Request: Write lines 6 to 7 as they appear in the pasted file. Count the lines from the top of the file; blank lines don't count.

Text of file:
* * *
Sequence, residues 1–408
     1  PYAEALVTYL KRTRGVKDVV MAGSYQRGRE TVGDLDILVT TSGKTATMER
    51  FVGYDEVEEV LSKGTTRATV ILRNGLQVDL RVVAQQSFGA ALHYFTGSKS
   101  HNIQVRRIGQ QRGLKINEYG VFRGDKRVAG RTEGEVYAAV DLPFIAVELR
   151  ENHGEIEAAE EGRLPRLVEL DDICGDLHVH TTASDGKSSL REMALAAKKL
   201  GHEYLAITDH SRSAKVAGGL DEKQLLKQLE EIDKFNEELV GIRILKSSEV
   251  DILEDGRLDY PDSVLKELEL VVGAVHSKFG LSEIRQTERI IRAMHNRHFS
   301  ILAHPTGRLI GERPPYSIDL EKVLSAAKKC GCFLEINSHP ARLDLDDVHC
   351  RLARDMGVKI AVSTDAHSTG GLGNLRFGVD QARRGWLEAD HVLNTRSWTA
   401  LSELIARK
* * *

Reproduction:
   201  GHEYLAITDH SRSAKVAGGL DEKQLLKQLE EIDKFNEELV GIRILKSSEV
   251  DILEDGRLDY PDSVLKELEL VVGAVHSKFG LSEIRQTERI IRAMHNRHFS